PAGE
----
Looking at the news just makes it worse. The machinations over devolution and Brexit this week have made me want to howl with rage. More than once I’ve wanted to draw my pen from its quiver and write out my anger to those who have prompted it. Yesterday when I saw flames engulf the Glasgow School of Art again, the rage turned to sadness. Thoughts turned to those affected, residents, students, staff and the workers who sought to rebuild the Mackintosh Building in the last years, as well as all those who have enjoyed the 02 ABC. Thankfully there don’t seem to have been any fatalities or injuries as a result of the fire which spread to neighbouring buildings on Sauchiehall Street, another place blighted in recent months. The emergency services have done a magnificent job as ever in ensuring everyone’s safety in containing the fire in the last hours.
The Mackintosh building was a place I made a point of seeing every time I visited Glasgow. I was in the early throes of an interest in psychogeography as well as a burgeoning advance in my love of architecture. I had postcards of the Mack in my room, the finials and touches atop and around the building, and tried to get to every exhibition held there. I liked that the building was beautiful but functional, a working place rather than a mere museum piece.
The first fire happened in 2014 and the city of Glasgow and Scotland felt much the same sick horror as right now. I remember going to work the next day and the fire was all we could talk about. It was very sad then though the talk was of rebuilding and renewal. Many treasures were lost forever, other replaced and drawn anew. It was nearly done. Then this.
I was last up that way just over a week ago. I had just finished an exam and rather than get a bus straight home I walked into town. I chose to cross the overpass onto Renfrew Street, a street I liked and hoped to write about soon. I passed ghost signs, art pieces and snatches of city skyline before coming up to the GSA itself. I looked at the ongoing work on the Mackintosh building and thought about how soon it would be back to rights. Indeed it was looking good from the outside. It was a pleasant night and folk were milling around the Reid building where the degree show was in progress. I declined as my brain was melted and walked on. I wish I had stayed, in hindsight.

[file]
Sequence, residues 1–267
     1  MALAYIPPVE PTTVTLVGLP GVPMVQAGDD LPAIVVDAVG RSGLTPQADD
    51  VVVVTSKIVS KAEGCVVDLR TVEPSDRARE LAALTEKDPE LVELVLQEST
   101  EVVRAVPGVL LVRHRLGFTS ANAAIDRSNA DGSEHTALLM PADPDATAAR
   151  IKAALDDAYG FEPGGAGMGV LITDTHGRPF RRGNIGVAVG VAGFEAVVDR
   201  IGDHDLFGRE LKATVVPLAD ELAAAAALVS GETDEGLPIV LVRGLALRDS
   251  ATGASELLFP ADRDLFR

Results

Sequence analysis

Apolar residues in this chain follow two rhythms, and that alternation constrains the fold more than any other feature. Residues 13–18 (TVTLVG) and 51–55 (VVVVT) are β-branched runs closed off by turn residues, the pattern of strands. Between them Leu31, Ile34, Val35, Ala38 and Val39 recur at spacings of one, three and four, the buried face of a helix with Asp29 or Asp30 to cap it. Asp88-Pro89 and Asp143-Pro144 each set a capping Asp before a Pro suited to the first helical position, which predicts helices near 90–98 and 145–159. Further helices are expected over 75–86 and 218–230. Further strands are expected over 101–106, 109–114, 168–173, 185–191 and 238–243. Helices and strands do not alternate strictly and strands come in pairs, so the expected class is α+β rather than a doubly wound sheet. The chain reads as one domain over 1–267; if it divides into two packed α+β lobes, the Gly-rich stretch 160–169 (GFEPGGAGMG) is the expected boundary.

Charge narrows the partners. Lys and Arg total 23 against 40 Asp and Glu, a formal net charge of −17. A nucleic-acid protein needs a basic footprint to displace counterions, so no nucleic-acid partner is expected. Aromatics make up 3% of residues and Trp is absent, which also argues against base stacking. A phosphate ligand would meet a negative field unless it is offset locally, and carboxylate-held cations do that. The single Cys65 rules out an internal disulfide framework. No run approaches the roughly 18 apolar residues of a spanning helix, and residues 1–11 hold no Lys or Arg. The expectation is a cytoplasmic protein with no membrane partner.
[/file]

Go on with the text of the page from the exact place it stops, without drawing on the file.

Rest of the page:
Looking at the news really does make it worse. Already this year there have been a few big fires in Glasgow, not least the big one that still sees Sauchiehall Street closed off. Now this. Our city’s motto is Let Glasgow Flourish. It is sometimes hard to feel affection for cities amidst the hustle and bustle. There is real love, though, for Glasgow and its finest buildings, whatever your definition of finest. It is a sad day for Glasgow but there will be better ones ahead, sunnier days when the Glasgow School of Art will be back intact and ready to teach and inspire the city and world beyond. As an UNESCO City of Music, hopefully all the shows booked to play the O2 ABC will still happen.
I contend that this city is the greatest in the world. Sometimes I say it in fun but it is never more true than on days like this. I believe it in my very being and hold it close. A great many others do too. There will be a School of Art here again. Whether it is quite in the same building, we can’t yet say. But art endures and Glasgow endures, flourishes in fact, today as always.